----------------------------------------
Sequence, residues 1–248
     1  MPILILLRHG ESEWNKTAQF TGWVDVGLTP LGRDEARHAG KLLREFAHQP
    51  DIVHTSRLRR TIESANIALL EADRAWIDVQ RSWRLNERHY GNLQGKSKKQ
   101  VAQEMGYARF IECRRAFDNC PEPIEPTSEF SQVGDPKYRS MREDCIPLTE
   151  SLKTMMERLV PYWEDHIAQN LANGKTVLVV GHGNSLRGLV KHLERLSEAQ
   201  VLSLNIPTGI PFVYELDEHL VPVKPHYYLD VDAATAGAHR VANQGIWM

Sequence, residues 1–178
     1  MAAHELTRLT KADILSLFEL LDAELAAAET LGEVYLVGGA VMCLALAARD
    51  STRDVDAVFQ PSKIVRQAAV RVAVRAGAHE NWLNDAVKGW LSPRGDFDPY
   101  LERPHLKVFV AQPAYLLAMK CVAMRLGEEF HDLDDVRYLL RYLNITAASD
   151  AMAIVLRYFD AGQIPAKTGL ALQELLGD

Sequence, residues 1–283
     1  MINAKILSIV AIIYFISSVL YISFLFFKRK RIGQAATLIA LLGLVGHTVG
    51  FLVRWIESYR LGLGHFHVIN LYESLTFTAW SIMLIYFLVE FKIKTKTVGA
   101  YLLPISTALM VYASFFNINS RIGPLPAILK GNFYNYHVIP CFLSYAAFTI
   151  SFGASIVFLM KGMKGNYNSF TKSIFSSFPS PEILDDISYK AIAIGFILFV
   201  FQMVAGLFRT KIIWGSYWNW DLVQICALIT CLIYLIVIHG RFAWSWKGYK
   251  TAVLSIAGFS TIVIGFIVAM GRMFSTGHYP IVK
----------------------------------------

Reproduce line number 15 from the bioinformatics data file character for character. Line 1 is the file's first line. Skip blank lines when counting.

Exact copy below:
   101  YLLPISTALM VYASFFNINS RIGPLPAILK GNFYNYHVIP CFLSYAAFTI